If your addiction is at a level where you would benefit from round-the-clock care, taking a semester off may be your best option. You’re giving yourself the gift of achieving and maintaining sobriety to become a healthier, more capable person who can then successfully take on academic challenges.
If you’re entering an outpatient addiction treatment program where you attend meetings and counseling sessions for a few hours or days a week, you’ll have more flexibility to also fit college classes into your schedule. Since you’re not residing in a treatment facility during outpatient treatment, you have more schedule flexibility to attend classes.
However, don’t substitute outpatient for inpatient treatment if you need a higher level of support. A mental health professional can help you make the best choice to effectively treat your addiction.
By consulting with a mental health professional who has experience dealing with addiction, you’ll make a more informed choice that gets you to sobriety and helps you maintain it. Your first stop could be your college’s student mental health center. Addiction is a prevalent issue for many young people, and most colleges have services in place to help students. Some programs may refer you to off-campus treatment centers, and others may have services available right on campus.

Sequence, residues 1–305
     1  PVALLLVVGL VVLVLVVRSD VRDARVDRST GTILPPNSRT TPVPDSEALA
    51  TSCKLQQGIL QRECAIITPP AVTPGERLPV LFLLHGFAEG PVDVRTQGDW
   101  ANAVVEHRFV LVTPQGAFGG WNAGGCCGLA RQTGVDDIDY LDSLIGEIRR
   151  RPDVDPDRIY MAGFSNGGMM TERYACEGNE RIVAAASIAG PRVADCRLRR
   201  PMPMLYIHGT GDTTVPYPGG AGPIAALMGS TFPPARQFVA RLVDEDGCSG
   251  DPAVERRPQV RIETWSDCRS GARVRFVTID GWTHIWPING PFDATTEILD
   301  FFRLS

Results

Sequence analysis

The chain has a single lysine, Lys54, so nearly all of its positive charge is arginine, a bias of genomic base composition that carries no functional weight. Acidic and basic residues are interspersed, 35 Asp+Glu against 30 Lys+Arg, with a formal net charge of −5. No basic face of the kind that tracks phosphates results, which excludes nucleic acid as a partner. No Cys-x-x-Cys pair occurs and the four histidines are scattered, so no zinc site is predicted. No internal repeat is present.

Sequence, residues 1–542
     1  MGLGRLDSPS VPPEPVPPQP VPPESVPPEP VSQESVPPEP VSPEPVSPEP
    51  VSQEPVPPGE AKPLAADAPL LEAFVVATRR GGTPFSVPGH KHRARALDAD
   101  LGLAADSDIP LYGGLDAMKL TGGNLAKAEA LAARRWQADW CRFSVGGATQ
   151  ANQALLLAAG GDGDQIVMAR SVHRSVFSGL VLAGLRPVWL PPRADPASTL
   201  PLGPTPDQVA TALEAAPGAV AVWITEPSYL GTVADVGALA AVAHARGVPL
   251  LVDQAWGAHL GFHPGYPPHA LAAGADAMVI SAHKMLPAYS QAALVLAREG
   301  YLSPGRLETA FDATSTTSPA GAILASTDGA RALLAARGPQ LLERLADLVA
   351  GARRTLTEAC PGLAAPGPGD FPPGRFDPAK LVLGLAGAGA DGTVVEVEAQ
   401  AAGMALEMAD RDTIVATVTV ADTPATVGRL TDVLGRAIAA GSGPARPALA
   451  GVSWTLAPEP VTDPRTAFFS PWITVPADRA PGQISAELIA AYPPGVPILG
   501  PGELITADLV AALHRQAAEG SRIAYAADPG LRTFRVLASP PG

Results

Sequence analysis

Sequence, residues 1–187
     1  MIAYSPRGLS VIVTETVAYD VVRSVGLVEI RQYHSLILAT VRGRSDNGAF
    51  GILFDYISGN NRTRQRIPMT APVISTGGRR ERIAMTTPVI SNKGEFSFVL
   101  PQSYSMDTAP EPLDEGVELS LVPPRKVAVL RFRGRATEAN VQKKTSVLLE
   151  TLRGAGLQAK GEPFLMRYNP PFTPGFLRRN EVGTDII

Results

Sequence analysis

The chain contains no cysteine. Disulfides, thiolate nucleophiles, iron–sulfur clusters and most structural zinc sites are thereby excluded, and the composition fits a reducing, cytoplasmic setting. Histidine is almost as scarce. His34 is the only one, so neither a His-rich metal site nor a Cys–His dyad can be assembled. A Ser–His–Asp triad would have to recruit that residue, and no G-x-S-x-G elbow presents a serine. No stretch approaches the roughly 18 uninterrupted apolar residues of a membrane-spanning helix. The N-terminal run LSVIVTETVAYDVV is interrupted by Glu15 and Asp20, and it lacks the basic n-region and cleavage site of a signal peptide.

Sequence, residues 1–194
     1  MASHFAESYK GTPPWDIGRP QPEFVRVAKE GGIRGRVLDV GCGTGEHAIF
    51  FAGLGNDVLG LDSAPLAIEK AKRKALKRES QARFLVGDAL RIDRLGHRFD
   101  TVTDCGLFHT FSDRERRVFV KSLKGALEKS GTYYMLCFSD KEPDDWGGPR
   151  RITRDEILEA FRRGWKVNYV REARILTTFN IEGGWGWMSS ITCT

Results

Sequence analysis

If you’d rather find out about treatment off-campus, see a mental health professional privately such as a psychologist, social worker or psychiatrist. These types of certified and licensed specialists can help you explore your addiction treatment options with the understanding that college is also a priority for you.
Support Systems in College
Whether you decide to stay in school while attending outpatient treatment or take a break and attend a residential program, it’s important to build a support system that you can count on for help. A positive support system can offer advice, help you learn new skills and hold you accountable to do what needs to be done.
Your support system can consist of your sponsor, mentors, recovering peers, friends, family, therapists and addiction support groups. Many colleges also offer comprehensive support programs to help students in their recovery journeys.2 The more support you have, the better the chances are that you’ll enjoy long-term recovery and find success in your college career.